That’s the thing that I have always found a bit quirky and a little bit terrifying about you. You’ve always found a way to do something. I’ve been a student of yours and your coaching program. Once you get into that mindset and you get your students trained to like, “How can I avoid doing that? How can I find a placement? How can I find a trigger?” you end up looking at everything in your life. Now I have the same as you. I have dog food on order. I have the batteries on order and it can be a little bit terrifying. I remember I came home and it was like turning up at a cult. You held an event at our friend’s place in Encino, California.
You went through a day of many different subjects, but it was a lot of automation in that subject. You went through a lot of automation. I went back to my wife like I’d come out of a cult going, “We’ve got to do this.” She was like, “We’re not doing it.” There was a lot of resistance. All of a sudden, it started creeping in and it does become a habit. You find it relieves you more time. Something that none of us have an ability to get unless we stopped doing the shit that we shouldn’t be doing. You did that through this. Do you still do those programs and events?
We have a con and it’s called Less Doing Live and they’re all in Brooklyn. They’re three awesome intense days of getting a lot of new kinds of stuff done. This time, we’re going to be focusing on advanced project management with a lot of automations, the sales pipeline stuff is part of it, and some new processes that we’ve been working on. The thing for me at this point is I can come up with a process in my head and noodle on it for weeks or in some case, a couple of months knowing that it’s going to work. I just have to build it out. You can be building upon these things to get complex things. At the end of the day, the simplest automations are simply a trigger and an action.
Every time this happens, I want this to happen. In most cases, people are pushing those buttons because it makes them feel like they’re doing busy work or they’re being valuable. There are hundreds of things that everybody reading this is doing every day that an automation could be doing for them. The push back on that is going to be like, “It’s going to take as much time to teach somebody to do that or to set that up as it would be for me to do it myself,” then you’re going to keep doing what you’ve always been doing for the rest of your days. If you can’t do it one day, for some reason, the shit hits the fan.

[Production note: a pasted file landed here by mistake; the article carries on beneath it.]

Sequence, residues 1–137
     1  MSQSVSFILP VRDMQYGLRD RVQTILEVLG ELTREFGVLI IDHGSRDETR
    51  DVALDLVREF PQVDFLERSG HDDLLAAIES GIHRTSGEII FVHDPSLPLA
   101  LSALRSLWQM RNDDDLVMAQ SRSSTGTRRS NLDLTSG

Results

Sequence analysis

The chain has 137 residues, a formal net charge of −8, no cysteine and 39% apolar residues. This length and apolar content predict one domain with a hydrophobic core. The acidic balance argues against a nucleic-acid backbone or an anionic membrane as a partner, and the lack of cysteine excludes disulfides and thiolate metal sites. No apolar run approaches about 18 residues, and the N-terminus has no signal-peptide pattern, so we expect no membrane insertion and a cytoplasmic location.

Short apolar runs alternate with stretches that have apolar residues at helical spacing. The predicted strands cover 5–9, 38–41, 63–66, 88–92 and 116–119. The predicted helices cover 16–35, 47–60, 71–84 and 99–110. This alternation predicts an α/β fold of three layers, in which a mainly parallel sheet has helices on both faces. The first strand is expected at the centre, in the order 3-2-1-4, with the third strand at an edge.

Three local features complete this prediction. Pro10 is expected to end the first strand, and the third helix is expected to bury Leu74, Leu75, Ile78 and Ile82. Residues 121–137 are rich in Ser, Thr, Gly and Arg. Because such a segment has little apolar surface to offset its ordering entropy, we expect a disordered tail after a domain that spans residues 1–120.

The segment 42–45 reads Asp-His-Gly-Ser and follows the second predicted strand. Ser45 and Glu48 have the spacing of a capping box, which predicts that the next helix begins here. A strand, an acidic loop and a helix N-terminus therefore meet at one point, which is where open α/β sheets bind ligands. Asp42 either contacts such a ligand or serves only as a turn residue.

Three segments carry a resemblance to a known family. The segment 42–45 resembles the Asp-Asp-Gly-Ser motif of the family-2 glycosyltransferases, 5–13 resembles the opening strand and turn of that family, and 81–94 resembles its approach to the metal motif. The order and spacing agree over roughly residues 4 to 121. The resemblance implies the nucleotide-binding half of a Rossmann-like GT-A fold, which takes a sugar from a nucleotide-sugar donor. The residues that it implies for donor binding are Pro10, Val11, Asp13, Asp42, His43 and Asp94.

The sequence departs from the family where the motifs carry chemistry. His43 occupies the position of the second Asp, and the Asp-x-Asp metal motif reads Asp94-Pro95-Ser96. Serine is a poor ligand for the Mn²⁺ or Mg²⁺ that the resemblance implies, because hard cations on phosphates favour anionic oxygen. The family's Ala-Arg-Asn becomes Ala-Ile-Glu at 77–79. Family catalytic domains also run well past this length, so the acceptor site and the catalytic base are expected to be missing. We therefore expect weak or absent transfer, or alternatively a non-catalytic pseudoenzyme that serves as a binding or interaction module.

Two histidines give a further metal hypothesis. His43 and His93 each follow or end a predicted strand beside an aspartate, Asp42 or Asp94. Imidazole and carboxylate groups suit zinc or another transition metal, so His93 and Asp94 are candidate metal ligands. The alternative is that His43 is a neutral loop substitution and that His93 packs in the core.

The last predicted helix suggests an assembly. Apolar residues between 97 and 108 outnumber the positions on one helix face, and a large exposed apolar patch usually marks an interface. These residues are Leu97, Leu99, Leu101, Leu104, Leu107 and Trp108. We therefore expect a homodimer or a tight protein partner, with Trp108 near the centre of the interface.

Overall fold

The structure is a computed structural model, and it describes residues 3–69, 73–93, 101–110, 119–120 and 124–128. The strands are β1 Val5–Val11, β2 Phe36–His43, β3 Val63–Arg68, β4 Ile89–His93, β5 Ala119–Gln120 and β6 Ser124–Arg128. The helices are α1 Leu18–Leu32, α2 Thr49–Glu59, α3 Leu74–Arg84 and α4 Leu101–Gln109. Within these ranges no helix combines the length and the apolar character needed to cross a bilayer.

I remember being in Encino. The reason we’re having this show is because of you. You said to me, “Why aren’t you doing a podcast?” I said, “I don’t want to do the work. I don’t want to suddenly have a new job.” You went, “You’ve got to do it.” I remember posting up on Facebook, going, “Should I do a podcast?” Both of my followers said yes. We started and at the event, you went, “You need this Zoom, you need this Mevo.” Here you go. I remember you came out with a statement, which I always pay you credit for, you said, “Get going, then get good.” I’ve always talked about the unicorn that people go after being perfection. Perfection is a blue unicorn with three testicles. It doesn’t exist.
You’ve always said, “Start. You can get better but unless you start, you’re not getting anywhere.” I’ve always been very proud that you came up with that statement and helped me. Thank you there. You did the book and I want to talk about that. This is a very helpful one. If you think about this show, and I’m going to shoot myself in foot in front of other people, is I want people to get your book because it allows them to do more of what they’re good at. It allows them to do more of what they want to do and your book teaches them some very good principles in there. Tell us about the thought behind the book. Tell us about what can we learn from it?
There are two primary books. There’s The Art Of Less Doing, which is the more personal side that came out years ago. There’s the latest one, which is The Replaceable Founder. The idea of being replaceable is challenging for a lot of people. It’s hard for a lot of people to accept. It’s not about the founder. I want everybody in the business to be as replaceable as possible so that we can replace them up, not out. The way that we’ve systematically approached this is three main areas which is around communicating effectively, managing projects, and having perfect processes. Those three areas we’ve seen and I’ve seen, fortunately, I’ve been able to work in about every industry there is and all sorts of different sizes of companies because my system is not about making you better at what you do. It’s about giving you more time to do what you do well. Communication is the first one. No matter what the size of the company or the systems in place, it’s fascinating how communication is 80% of the problem. The line that you say all the time which is so apt and I credit you with this is when you say there’s a difference between being easy to understand and impossible to misunderstand.There are hundreds of things you’re doing daily that automation can actually do for you. Click To Tweet